of Edwards, you may be lucky and see a large plume of smoke suddenly appear
over one of these platforms which means that they are testing. This
division of the Edwards testing facility usually has its own display in
one of the hangers at the Edwards Air Show.
Another view of the rocket test platforms. The Joshua
Tree in the foreground identifies this picture as being taken in the Mojave
One of the long, wide runways on Rogers Dry Lake, made of
dried mud (Mother Nature's pavement), ends here and funnels onto a paved
One of the least-favorite attractions at an Edwards AFB
Air Show - traffic congestion at the West Gate. It is here, in line
to get into the Air Show, that we typically enjoy hearing Chuck Yeager open
the show as he flies by making a sonic boom.
Many of the static displays on the flight line allow visitors
to sit in the pilot's seat. Here, an enthusiastic 10 year old sits
in the cockpit of a C-141 and dreams of one day becoming a pilot.
Driving around Edwards, you'll see all kinds of assorted
"junk yards" where the pieces of many years of spent aeronautical experiments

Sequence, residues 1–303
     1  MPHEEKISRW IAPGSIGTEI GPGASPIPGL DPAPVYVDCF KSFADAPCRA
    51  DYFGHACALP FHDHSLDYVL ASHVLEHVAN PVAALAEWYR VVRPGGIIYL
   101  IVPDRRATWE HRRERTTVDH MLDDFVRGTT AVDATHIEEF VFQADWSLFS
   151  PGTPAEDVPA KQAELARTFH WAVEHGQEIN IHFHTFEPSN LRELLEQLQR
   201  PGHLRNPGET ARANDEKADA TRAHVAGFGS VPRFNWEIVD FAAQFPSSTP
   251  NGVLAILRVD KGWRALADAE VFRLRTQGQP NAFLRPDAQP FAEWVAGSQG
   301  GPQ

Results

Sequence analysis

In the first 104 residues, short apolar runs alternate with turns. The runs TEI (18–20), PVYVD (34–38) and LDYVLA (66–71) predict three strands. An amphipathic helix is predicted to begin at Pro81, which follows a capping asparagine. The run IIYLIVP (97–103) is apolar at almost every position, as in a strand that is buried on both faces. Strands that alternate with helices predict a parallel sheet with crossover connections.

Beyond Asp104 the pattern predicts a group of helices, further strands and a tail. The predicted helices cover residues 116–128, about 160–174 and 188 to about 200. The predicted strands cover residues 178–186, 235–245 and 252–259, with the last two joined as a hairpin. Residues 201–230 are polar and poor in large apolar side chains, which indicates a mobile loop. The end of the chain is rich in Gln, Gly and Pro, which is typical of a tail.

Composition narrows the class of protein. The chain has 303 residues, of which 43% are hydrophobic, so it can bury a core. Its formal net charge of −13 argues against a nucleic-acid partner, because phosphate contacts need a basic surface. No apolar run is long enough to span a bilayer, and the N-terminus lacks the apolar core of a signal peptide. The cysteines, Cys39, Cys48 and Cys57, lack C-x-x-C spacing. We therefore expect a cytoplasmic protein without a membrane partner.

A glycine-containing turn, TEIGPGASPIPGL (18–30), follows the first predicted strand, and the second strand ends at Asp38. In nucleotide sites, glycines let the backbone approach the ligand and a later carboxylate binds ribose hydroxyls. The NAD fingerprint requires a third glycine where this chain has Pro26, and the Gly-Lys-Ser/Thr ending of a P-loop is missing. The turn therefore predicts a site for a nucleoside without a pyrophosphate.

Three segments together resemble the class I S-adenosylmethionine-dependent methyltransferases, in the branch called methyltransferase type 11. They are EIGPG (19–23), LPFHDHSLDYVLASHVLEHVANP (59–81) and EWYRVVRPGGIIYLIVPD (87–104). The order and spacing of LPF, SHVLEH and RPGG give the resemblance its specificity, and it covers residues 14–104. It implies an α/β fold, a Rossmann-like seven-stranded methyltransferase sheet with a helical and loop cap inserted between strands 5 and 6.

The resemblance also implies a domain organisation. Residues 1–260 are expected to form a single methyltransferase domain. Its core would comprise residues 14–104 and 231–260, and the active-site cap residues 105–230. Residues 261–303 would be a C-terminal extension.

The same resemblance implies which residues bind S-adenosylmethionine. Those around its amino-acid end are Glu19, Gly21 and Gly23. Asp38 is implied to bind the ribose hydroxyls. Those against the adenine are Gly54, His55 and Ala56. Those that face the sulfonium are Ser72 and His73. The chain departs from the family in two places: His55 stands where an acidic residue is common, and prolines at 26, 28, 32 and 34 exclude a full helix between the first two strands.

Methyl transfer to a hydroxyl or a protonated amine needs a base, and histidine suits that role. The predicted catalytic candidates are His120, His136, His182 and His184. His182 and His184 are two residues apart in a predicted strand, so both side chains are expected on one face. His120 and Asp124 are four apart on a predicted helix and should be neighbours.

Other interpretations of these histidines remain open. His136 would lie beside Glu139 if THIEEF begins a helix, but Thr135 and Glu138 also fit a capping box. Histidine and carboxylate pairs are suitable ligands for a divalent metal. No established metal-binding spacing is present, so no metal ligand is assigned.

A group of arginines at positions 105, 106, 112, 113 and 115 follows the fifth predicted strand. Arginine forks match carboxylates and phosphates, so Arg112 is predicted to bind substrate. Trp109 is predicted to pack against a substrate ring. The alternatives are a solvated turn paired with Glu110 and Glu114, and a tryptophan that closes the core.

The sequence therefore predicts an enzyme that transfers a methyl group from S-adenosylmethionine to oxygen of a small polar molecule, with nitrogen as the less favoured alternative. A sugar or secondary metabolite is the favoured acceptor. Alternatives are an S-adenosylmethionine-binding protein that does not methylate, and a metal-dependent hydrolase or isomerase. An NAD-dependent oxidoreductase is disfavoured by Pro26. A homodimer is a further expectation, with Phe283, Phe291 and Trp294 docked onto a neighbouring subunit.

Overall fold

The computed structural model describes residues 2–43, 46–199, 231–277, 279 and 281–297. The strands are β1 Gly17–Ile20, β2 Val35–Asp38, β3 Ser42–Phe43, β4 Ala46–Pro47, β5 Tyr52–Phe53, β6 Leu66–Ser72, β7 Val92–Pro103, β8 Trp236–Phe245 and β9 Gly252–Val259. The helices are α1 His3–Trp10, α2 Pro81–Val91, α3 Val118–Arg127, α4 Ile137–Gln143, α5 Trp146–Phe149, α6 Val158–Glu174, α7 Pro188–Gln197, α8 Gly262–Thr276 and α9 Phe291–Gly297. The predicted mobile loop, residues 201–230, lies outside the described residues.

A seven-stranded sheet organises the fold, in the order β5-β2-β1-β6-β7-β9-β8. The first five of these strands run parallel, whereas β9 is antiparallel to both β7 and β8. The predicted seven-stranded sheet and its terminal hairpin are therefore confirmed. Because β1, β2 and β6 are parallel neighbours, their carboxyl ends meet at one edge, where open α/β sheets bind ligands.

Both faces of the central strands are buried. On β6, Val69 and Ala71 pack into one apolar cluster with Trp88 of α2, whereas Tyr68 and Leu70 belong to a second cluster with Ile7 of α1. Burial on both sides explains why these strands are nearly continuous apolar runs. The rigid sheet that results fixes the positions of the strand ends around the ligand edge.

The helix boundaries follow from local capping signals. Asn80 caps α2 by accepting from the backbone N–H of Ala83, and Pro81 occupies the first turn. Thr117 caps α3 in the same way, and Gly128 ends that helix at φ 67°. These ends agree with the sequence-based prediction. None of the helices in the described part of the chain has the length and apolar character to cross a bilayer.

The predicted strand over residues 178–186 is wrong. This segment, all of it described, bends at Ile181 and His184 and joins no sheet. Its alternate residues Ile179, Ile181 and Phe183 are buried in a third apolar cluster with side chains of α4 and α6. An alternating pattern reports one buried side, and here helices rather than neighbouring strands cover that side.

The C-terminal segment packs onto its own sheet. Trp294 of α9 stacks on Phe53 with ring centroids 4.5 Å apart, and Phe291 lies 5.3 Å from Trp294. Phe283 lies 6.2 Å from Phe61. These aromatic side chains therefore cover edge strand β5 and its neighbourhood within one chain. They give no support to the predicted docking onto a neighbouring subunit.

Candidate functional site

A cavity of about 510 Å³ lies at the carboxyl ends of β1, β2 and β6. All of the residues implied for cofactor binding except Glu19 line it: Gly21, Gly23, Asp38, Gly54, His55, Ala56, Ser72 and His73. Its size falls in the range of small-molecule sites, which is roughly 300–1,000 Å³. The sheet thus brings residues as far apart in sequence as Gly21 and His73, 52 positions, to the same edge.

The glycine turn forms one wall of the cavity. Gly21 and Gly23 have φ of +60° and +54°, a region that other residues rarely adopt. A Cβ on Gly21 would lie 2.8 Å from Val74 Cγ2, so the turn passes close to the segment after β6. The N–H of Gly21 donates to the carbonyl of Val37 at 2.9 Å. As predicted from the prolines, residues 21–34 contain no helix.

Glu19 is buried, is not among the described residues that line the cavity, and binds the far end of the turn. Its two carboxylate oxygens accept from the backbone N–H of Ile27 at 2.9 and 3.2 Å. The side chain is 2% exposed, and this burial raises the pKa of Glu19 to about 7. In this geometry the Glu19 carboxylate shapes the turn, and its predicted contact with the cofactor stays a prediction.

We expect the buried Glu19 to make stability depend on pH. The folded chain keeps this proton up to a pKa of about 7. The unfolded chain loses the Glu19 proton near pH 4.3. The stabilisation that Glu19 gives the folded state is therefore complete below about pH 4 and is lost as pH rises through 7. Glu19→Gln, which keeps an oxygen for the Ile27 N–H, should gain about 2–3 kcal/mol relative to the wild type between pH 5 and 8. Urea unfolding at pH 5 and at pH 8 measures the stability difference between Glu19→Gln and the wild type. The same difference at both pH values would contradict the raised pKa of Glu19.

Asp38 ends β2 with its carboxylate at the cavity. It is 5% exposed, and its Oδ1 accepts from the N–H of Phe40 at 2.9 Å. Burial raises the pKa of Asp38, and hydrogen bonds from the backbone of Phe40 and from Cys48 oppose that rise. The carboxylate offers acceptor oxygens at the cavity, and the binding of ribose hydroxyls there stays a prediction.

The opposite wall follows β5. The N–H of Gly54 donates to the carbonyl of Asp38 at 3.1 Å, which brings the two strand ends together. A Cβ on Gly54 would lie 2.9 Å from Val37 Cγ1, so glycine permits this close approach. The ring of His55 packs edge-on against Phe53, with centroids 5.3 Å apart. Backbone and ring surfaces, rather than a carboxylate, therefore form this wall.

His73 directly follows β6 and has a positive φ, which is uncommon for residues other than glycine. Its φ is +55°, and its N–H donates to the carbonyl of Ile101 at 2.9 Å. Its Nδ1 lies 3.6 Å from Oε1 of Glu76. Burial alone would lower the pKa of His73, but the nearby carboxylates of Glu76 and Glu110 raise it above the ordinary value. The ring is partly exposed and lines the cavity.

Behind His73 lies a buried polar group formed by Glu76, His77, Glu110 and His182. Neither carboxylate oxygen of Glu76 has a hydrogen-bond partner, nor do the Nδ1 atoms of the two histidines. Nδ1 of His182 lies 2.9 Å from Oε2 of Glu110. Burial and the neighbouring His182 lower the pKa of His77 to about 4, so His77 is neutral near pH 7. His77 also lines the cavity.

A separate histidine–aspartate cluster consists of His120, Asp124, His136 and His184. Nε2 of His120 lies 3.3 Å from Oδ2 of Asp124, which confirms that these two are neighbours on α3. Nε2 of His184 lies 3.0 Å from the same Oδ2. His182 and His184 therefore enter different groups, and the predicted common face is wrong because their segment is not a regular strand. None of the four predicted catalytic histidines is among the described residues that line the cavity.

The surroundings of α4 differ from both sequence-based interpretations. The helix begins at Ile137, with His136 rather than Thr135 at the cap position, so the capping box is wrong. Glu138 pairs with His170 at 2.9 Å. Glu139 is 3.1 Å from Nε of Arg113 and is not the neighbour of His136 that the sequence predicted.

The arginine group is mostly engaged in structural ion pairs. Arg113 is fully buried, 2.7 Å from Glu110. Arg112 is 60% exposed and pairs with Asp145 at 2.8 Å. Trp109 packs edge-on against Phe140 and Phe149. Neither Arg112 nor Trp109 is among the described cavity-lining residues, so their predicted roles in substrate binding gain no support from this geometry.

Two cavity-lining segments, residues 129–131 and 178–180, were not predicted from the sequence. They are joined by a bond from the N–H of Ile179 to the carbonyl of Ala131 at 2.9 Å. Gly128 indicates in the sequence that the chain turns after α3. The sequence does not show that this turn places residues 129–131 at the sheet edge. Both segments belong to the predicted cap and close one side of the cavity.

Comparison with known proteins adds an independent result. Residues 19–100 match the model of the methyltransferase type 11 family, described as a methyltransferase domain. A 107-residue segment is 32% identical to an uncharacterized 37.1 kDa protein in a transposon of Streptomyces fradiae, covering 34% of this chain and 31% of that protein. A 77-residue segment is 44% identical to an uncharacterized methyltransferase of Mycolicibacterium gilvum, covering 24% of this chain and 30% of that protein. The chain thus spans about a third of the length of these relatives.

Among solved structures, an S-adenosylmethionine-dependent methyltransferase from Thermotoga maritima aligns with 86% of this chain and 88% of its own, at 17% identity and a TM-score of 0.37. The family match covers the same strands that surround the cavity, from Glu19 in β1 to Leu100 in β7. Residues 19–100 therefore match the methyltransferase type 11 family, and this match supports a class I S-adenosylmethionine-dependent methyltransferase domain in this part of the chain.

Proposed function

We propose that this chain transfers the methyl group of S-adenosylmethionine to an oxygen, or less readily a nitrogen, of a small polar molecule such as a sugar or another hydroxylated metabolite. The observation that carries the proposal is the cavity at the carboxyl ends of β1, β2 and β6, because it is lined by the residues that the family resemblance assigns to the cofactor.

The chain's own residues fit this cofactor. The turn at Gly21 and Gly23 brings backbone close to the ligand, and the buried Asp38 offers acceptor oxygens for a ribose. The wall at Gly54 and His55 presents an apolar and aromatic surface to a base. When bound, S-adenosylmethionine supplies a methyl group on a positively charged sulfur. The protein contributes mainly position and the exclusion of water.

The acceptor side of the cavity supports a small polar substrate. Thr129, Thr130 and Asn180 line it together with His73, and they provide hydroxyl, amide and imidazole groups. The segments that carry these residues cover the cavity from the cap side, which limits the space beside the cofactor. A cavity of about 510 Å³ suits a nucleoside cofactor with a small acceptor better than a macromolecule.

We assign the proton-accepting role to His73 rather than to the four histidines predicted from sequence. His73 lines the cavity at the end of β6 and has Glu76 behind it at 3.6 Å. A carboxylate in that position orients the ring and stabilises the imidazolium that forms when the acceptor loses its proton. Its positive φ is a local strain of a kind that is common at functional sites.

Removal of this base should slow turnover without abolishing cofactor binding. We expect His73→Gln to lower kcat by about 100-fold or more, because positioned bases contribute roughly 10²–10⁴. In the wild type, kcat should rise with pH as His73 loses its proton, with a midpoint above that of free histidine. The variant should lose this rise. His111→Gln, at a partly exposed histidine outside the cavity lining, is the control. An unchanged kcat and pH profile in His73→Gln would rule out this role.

are now kept.
A Mikoyan Gurevich MiG-15 sits on the flight line at Edwards.
A static display of one of the unusual UAV's (Unmanned
Aerial Vehicles) in one of the hangers. More and more
UAV's are being displayed at the Edwards Air Shows.
Read about the RQ-4A
Global Hawk UAV.
Side view of a the same UAV pictured above.
Another UAV parked in a hanger.
A V-22 Osprey "tiltrotor" aircraft sitting inside of one
of the hangers. The V-22 has an unfortunate history of being difficult
to fly because it is a completely different type of aircraft (half helicopter
and half airplane) and is here at Edwards because it is going through intense
Side view of the V-22. It can takeoff vertically,
like a helicopter, and then it tilt its two rotors forward to fly like an
airplane. This gives the V-22 the best features of both types of aircraft.
Designed to be a troop transport, the V-22 can carry 24
passengers and cruise at 315 mph (507 kph).